-Reviewed by Ian Chung–
Sea of Trees, Robert James Russell’s debut novella, takes its name from Aokigahara, the Japanese forest that is also the setting for the novella’s narrative action. Aokigahara has become notable for the number of suicides that take place in the forest, and the primary narrative of Sea of Trees follows Bill, an American college student, and Junko, his Japanese girlfriend, as they move through the forest, attempting to locate any traces of her sister Izumi, who went missing there. This central story is told in alternating fashion with other vignettes that recount the circumstances leading up to other Aokigahara suicides.
This structure, which nests what are effectively flash fictions within the longer novella, is one of the key strengths of Sea of Trees, in terms of how it helps with the pacing of the Bill/Junko narrative. According to Russell, in the course of his writing, what emerged was a conscious decision ‘to break [the narrative] up so it wouldn’t be too monotonous’, as well as to provide some breathing space for the reader: ‘I also think, since that is the main narrative, breaking up particularly tense sections with another story, giving your mind a rest, makes you think more about it and process what you just read, and that helps the story progress in a much smoother way.’ What is also interesting about these vignettes is how fully formed most of them read on the page, whilst seeming capable of being expanded into longer narratives of their own. This possibly serves as a parallel to the knowledge buried within Junko that is steadily revealed to Bill, as the characters delve ever deeper into the forest depths.
In this sense, Bill functions as a proxy for the reader, both of whom are kept wondering as to Junko’s real motivations right until the novella’s shocking denouement. Yet even at that point, conventional narrative closure is denied to us, since we learn about the painful truth that overshadowed Izumi and Junko’s lives from a final vignette – rather than as part of the main Bill/Junko narrative – that is itself derived from a journal given by Junko to Bill. Arguably, this renders the Bill/Junko narrative into a vignette of its own, one which speaks of the internalised logic of suicide and its inexorable, terrible consequences.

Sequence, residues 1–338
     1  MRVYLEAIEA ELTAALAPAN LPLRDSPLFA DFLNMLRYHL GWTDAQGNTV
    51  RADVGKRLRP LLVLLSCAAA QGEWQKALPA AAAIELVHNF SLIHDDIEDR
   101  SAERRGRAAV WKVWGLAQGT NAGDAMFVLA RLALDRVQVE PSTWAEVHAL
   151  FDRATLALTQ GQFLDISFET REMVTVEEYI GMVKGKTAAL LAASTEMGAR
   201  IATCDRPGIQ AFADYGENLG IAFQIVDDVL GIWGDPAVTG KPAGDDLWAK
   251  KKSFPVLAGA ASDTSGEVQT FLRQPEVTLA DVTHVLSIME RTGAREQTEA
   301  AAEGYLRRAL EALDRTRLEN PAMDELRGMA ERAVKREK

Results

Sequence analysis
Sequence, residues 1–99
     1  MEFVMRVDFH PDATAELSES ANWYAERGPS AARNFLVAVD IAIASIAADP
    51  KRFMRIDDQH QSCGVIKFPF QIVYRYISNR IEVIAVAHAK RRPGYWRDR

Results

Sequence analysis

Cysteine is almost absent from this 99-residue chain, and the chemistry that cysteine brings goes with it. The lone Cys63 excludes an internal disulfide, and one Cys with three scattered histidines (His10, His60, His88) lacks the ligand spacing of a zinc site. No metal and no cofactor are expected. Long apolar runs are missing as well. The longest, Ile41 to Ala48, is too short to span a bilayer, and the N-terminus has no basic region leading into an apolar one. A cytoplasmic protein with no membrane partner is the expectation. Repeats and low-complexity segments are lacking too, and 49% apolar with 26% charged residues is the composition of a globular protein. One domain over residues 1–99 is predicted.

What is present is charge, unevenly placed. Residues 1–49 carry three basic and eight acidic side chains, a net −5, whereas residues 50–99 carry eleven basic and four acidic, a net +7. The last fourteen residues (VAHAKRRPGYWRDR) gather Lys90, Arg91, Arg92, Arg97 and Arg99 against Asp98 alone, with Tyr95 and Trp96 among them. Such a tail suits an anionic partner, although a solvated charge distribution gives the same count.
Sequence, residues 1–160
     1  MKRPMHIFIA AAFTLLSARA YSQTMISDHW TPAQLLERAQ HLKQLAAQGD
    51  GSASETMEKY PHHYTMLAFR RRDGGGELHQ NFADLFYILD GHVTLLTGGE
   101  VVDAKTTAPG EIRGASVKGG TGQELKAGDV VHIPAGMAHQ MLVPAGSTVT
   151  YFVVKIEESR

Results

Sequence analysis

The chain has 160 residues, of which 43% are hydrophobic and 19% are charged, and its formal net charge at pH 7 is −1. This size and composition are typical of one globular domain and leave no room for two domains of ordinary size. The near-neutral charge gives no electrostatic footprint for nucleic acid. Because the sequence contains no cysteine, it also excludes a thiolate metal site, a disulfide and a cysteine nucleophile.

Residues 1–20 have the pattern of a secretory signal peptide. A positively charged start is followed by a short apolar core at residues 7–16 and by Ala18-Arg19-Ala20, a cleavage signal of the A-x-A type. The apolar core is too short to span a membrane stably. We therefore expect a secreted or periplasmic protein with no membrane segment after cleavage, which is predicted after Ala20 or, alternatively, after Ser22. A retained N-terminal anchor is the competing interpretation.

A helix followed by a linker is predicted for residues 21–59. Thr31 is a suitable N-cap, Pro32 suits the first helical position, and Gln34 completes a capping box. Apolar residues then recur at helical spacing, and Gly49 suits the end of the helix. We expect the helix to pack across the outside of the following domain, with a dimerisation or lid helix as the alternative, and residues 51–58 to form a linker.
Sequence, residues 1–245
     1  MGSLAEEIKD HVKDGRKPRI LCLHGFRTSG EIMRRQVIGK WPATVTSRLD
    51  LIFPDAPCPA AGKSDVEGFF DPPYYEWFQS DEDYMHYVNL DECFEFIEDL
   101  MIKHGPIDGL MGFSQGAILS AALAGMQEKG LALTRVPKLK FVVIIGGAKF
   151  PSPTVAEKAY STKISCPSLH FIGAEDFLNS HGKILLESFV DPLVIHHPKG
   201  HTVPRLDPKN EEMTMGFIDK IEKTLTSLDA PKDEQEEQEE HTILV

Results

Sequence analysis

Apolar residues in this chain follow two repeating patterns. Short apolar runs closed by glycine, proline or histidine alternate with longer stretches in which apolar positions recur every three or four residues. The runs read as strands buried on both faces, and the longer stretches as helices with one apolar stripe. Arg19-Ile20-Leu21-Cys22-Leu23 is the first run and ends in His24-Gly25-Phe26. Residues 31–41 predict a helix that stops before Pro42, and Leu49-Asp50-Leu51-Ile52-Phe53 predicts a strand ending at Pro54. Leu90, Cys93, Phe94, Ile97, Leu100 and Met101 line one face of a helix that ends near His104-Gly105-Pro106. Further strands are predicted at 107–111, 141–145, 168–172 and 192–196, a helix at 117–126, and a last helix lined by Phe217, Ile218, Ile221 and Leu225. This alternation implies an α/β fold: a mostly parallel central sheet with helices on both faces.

What holds this delicate structural balancing act together is Russell’s assured command of language. The writing in Sea of Trees displays both clarity and economy. Consider the very first paragraph of the novella:
She touches the bark of a tree, traces it with her fingers like she’s familiar with it, seen it before. I see her only barely through the endless green, slivers of her that pop into view for a moment. I stop and take a drink of water, hot and tired, but force a smile, pretending as if I’m enjoying this as much as she seems to be, just in case she’s looking.
In just three sentences, Russell has already foreshadowed the events of the rest of the novella. Junko is here being linked to the tactile, to the concrete signs and evidence of Izumi’s presence in Aokigahara that she has come here expressly to find, whereas Bill is portrayed as being concerned with the surface, with what can be glimpsed. Even then, he does not grasp the full picture, since he ‘barely’ sees ‘slivers’ of Junko ‘for a moment’. In that final clause, ‘just in case she’s looking’, the seed is also laid for the main source of conflict between the characters throughout Sea of Trees, i.e. Junko’s accusation that Bill does not truly understand why they are in Aokigahara and what they have come to do.
Ultimately, what Russell attempts is not so much to explain why Aokigahara manifests this curious appeal as a suicide destination or why the people committing suicide there make that choice, but rather to simply present this without judgement as an ongoing phenomenon, leaving readers to come to their own conclusions. On the whole, Sea of Trees makes for a confident debut and an enjoyable read, and I am looking forward to whatever Russell comes up with next.